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Ivory Coast mobile firms risk losing licences over poor service
May 6, 2013 / 6:06 PM / 4 years ago

Ivory Coast mobile firms risk losing licences over poor service

* Government will review telecoms deals within six months

* Companies must now be 15 percent locally owned

ABIDJAN, May 6 (Reuters) - Ivory Coast mobile telecoms companies risk losing their licences if they do not improve their poor levels of service, a minister said on Monday.

The government also plans to ensure that the country’s seven operators are at least 15 percent locally owned, information technology and communications minister Bruno Kone said.

“Within six months we will take stock of our agreements, our commercial agreements, technical agreements and financial agreements of all the operators with the state regulator of Ivory Coast,” Kone said during a visit to telcoms operator MTN in Abidjan.

“I can tell you already, the head of state is encouraging us, instructing us even, to shut down all operators not up to date,” he said.

Ivory Coast is emerging from a decade-long political crisis that ended in a brief civil war in 2011 and only began issuing third-generation mobile licences later that year.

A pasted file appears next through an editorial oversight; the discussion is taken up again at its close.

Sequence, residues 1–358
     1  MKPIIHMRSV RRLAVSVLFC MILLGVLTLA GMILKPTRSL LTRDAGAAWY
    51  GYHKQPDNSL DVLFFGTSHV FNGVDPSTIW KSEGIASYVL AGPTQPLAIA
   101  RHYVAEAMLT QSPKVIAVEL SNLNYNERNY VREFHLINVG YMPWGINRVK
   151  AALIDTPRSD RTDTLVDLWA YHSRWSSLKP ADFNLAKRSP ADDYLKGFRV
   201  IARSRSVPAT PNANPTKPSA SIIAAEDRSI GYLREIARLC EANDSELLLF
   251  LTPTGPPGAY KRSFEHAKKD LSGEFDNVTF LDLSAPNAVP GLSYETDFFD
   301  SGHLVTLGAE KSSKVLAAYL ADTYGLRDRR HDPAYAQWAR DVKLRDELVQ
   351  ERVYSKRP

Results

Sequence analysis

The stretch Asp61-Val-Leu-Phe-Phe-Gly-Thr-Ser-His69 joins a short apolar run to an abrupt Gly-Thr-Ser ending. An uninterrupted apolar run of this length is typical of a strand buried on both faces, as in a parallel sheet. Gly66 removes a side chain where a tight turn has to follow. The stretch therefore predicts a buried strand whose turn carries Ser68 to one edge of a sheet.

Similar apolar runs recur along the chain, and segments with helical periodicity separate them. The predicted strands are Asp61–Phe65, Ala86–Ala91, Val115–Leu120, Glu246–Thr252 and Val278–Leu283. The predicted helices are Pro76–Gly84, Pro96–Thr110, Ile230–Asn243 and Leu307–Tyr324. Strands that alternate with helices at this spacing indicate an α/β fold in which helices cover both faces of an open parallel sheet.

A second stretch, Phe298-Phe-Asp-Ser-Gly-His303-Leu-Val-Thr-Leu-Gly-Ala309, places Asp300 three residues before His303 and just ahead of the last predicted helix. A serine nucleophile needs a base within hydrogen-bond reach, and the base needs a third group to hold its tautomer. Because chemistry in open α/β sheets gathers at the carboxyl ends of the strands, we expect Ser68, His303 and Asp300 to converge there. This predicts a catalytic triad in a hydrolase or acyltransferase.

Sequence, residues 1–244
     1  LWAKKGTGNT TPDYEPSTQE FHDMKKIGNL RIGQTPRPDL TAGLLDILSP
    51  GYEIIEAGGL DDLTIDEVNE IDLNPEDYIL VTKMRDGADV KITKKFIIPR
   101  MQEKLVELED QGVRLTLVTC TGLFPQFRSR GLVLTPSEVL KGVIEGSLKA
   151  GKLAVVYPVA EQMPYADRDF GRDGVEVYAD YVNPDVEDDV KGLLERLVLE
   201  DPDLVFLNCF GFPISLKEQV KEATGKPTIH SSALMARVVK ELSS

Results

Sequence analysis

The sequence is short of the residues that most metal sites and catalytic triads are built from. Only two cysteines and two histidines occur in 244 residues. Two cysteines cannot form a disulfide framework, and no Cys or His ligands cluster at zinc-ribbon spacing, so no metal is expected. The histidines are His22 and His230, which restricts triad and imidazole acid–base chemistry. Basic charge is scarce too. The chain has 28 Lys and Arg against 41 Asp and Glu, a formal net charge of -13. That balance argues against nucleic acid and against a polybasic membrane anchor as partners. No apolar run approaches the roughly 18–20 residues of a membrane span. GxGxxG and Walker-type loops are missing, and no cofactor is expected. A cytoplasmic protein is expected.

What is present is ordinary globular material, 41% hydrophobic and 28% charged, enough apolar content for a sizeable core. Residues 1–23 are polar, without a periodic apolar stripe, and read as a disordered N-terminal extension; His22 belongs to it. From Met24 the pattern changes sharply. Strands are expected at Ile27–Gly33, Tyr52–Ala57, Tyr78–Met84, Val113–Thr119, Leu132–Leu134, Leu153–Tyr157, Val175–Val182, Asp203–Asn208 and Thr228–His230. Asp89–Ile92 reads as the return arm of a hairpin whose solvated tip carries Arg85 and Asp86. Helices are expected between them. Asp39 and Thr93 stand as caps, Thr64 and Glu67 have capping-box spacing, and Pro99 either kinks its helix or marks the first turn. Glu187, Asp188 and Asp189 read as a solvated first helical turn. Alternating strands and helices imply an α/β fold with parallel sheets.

Kone said the government was disappointed with the quality of service in the sector.

“Not a day passes that there are not complaints about service ... We think that the population everywhere has the right to better service,” he said.

He said companies would be required to open up ownership to Ivorian investors.

“You must reserve at least 15 percent of your capital for Ivorian shareholders,” the minister said.

Ivory Coast, French-speaking West Africa’s largest economy, has around 18 million mobile phone subscribers out of a total estimated population of 24 million.

Its five existing operators are France Telecom’s Orange, South Africa’s MTN, Libya’s Green, Etisalat’s Moov and Koz of Lebanon-based Comium.

Domestically-owned Cafe Mobile was granted a licence last year. Abu Dhabi-based Warid Telecom also holds an unused operating permit.

Reporting by Loucoumane Coulibaly; Additional reporting and writing by Joe Bavier; Eduiting by David Cowell

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